SCOTTSDALE, Ariz. (AP) Yoshihisa Hirano is not one for formalities.
”Please call me Yoshi,” the new Arizona Diamondbacks pitcher said Monday to open his introductory news conference.
The 33-year-old right-hander agreed in December to a $6 million, two-year contract with the Diamondbacks after 12 seasons with Orix of Japan’s Pacific League.
With his wife and two young children joining him, Hirano said he hopes the entire family will learn English.
”The D-backs were the first team that made me an offer,” Hirano said through an interpreter. ”When me and my family came over to visit Arizona in December, general manager Mike Hazen and field manager Torey Lovullo were there, greeted me and my family very warmly and made my family feel like home now already and that was the reason I chose the Diamondbacks.”
Arizona won 93 games and an NL wild card berth, then was swept by the Los Angeles Dodgers in the Division Series. The Diamondbacks have tried to improve their bullpen in the offseason, and Hirano is in the competition to replace departed closer Fernando Rodney. Brad Boxberger also is a possibility; some would like to see the role go to Archie Bradley, who was 3-3 with a 1.73 ERA and 79 strikeouts in 73 innings last season, his first full year in the bullpen.
Hirano pitched out of the bullpen the last eight seasons, with a league-leading 41 saves in 2014. Since 2010, he appeared in 476 games, going 30-33 with 156 saves and a 2.30 ERA with 564 strikeouts, an average of 9.83 strikeouts per nine innings. Last year, he appeared in 58 games, going 3-7 with 29 saves, a 2.67 ERA and 47 strikeouts.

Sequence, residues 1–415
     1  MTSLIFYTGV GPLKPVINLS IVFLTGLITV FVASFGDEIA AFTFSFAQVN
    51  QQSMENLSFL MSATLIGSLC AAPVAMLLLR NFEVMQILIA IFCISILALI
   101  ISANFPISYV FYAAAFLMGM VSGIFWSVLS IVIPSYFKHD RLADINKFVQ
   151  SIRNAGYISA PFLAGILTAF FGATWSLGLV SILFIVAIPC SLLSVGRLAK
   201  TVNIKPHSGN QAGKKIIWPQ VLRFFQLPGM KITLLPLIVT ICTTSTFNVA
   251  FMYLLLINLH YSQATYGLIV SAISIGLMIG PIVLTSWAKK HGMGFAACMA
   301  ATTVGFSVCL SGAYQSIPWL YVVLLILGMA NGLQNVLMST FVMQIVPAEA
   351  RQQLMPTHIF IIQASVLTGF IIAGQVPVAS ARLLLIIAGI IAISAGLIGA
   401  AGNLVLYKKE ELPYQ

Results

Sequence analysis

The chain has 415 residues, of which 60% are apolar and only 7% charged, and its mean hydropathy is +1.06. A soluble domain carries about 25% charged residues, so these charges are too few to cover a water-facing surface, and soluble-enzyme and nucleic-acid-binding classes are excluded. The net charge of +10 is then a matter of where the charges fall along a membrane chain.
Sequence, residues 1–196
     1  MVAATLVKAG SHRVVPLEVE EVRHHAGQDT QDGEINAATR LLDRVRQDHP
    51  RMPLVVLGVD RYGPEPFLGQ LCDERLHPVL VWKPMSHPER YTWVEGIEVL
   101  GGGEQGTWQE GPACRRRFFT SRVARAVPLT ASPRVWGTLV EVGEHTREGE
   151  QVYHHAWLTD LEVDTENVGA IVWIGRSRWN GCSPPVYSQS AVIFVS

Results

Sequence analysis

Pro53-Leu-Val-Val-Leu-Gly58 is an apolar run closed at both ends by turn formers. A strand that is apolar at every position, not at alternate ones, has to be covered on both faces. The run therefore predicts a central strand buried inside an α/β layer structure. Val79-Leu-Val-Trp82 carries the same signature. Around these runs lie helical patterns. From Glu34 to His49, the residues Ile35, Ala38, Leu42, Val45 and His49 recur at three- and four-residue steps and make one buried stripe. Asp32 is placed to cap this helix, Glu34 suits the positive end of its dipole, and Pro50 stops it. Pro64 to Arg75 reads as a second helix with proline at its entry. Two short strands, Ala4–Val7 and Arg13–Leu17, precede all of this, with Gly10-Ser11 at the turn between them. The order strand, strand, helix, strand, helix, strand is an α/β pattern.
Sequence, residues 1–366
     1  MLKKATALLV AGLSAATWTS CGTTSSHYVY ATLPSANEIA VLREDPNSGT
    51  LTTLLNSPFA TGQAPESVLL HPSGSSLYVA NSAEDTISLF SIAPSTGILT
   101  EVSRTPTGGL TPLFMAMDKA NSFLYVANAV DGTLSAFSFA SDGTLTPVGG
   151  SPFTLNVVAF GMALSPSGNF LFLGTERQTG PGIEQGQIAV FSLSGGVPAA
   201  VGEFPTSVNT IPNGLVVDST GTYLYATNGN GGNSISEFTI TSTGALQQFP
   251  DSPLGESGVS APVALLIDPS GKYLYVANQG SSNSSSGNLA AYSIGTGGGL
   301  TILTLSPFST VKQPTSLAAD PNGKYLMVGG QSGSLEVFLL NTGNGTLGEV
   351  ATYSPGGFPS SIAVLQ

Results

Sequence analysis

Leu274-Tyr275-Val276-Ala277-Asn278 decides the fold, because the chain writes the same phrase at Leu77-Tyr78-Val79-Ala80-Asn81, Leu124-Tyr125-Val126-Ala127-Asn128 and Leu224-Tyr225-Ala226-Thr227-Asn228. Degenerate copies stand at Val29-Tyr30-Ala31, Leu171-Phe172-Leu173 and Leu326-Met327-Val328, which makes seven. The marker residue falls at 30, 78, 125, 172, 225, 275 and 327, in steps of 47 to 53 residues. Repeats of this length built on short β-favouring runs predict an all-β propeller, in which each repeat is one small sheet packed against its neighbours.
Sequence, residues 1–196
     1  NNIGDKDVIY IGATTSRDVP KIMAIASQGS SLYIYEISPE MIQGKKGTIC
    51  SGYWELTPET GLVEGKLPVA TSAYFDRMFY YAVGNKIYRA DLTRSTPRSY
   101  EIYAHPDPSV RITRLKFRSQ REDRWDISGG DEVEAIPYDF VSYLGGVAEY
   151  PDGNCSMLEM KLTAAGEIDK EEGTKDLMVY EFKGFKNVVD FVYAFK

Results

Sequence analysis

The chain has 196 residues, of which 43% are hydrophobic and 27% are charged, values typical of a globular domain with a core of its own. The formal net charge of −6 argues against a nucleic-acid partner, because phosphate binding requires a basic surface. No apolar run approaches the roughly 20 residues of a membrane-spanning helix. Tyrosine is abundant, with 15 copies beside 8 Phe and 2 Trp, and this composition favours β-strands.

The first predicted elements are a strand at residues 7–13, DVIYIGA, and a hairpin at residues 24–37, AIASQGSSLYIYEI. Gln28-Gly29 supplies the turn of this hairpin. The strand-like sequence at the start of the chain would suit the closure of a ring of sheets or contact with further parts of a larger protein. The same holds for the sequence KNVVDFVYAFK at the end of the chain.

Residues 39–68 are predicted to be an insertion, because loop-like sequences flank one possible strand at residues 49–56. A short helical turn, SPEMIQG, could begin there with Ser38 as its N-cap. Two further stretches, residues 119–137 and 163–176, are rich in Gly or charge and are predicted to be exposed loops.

””I’ve been a closer in Japan but hopefully that will be my goal,” he said, ”but I’m willing to pitch in any situation that Torey tells me to.”
Hirano can earn $500,000 in bonuses for games and $500,000 for games finished: $50,000 for 15 in each category and each additional five through 60. He would get $250,000 if traded.
He is the second major leaguer of Japanese descent to sign with Arizona after Takashi Saito in 2012. Hirano said he got the urge to pitch in the United States while playing in last year’s World Baseball Classic.
He was 1-0 in the WBC with a 3.38 ERA in 5 1/3 innings with seven strikeouts.
”My experience in the WBC last year was a huge part,” he said. ”Being on the mound actually using the major league baseballs that we might be using. I felt comfortable. That was a huge part. (I) also heard that a lot of major league teams evaluated (me) highly and that was another motivating factor.’
”I feel that the control, the command that the Japanese pitches have is one of the main reasons that many of them have succeeded in the past,” he added. ”And also the secondary, whether the split or the slider, has helped them. I haven’t thrown a pitch yet in the states but I’m hoping I can be a part of those guys.”
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